Dilemmas of Justice in an Aging Society:

It’s time to consider the active young-old and the oldest-old

Depending on country, culture, birth cohort, and idiosyncratic factors, the post-retirement period in the 21st century could extend over 20 to 40 years of an individual’s life. Life expectancy after age 65 has increased and increasingly more people survive to the ninth and tenth decade (Crimmins, 2004; Vaupel, 2010).

Contrary to negative age stereotypes, only a minority of seniors are diagnosed with dementia nor are they disabled and fully-dependent on others for assistance in basic activities of daily life (ADLs). Indeed, there is substantial heterogeneity of functioning, health, and life expectancy at all ages (e.g., Lowsky, Olshansky, Bhattacharya, & Goldman, 2014).

Media reports about exceptional long-lived survivors have increased in the last decade. Research, however, typically focuses on the less-desirable outcomes associated with living

a long life, including dementia, morbidity, disability, frailty, and dependence on caregivers. Economists echothis research with warnings about consequences of an impending "epidemic of dementia" on health care costs.

This restricted research scope severely limits our understanding of the heterogeneity of functioning in the population over age 65 and the many different social justice issues associated with old age. A focus shift is needed to instead characterize the subgroups of the older population that do not meet clinical thresholds (e.g., for dementia diagnosis).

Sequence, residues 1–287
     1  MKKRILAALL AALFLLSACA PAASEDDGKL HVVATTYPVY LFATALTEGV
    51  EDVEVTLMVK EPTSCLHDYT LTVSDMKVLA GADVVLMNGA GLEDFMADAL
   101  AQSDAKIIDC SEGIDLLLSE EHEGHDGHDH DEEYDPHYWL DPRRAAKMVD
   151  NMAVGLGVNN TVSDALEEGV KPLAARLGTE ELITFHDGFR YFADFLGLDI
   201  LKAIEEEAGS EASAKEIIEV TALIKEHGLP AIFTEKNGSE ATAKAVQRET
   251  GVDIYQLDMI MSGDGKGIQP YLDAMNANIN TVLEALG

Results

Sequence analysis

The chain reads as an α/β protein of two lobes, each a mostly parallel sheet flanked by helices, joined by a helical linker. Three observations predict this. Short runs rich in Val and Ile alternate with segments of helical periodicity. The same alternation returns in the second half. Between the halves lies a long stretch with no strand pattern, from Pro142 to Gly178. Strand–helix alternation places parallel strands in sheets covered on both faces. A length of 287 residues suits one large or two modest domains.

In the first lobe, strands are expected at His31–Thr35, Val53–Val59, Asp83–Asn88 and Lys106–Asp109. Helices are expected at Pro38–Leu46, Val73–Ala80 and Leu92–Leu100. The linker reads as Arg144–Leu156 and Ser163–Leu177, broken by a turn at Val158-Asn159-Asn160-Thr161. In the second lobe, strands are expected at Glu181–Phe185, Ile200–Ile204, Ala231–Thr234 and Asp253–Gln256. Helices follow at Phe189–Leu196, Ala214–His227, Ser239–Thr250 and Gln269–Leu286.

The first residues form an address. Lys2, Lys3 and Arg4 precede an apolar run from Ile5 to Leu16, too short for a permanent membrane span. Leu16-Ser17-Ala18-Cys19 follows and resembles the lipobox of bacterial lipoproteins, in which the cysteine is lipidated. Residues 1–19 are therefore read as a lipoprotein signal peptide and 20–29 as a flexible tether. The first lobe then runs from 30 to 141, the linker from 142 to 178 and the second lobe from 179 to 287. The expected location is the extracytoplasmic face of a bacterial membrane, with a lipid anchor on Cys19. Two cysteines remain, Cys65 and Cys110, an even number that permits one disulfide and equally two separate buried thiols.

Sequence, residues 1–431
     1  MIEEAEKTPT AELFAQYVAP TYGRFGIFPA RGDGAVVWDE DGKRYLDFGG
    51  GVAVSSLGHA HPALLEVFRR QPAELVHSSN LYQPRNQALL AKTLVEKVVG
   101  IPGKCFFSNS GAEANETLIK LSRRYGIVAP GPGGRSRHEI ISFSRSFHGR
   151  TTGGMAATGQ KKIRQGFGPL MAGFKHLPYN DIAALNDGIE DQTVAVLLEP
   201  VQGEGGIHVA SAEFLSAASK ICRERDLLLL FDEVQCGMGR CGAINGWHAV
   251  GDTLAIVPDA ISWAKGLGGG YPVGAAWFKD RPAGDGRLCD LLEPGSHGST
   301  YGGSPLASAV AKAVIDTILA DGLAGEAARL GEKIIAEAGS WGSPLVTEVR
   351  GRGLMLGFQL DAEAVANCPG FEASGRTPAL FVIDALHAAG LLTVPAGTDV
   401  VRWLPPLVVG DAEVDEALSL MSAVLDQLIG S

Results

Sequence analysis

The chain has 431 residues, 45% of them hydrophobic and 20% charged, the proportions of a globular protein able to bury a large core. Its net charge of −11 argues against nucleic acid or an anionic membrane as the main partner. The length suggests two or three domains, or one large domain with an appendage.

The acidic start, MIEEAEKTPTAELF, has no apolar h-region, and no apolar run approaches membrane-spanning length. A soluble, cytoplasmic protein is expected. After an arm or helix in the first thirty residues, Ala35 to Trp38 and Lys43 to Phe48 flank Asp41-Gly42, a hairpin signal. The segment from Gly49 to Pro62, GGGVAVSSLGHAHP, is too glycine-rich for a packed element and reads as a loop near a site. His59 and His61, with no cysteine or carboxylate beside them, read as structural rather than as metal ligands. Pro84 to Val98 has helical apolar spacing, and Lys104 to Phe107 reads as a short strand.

This presentation will discuss such a focus shift. I will consider the dilemmas this focus shift exposes for issues of social justice, especially with regard to discrimination, poverty, and social exclusion.

About the referee

Prof. Jacqui Smith, Ph.D. is a Professor of Psychology at the University of Michigan and Research Professor in the Survey Research Center and Center for Research on Group Dynamics at the Institute for Social Research (ISR). She is currently the primary investigator on the Experienced Well-Being in the Population over 50 (ROBUST) study and the Harmonization of Survey Assessment of Well-Being study.

In 2007, she joined the NIA-funded Health and Retirement Study (HRS) as co-investigator to examine changes in cognition, well-being, and health in the 50+ population from a lifespan perspective. Prior to moving to the University of Michigan in 2006, she was a Senior Research Scientist at the Max Planck Institute for Human Development in Berlin and Professor of Psychology at the Free University Berlin in Germany. From 1990 onwards, she co-directed the Berlin Aging Study, a multidisciplinary longitudinal study of men and women aged 70 to 100.

Her research focuses on experienced wellbeing, psychological vitality in the young-old and oldest-old, lifespan psychosocial predictors of aging well, images of aging, and cognitive aging. She obtained her B.A (Hons.) in Psychology at the University of Sydney and Ph.D. in Psychology at the Macquarie University, Australia. In 1999, she was awarded the Habilitation in Psychology by the Free University, Berlin. She is a Fellow of the American Psychological Association, the Association of Psychological Sciences, the Gerontological Association of America, and the Social and Behavioral Sciences Section of the Academia Europaea.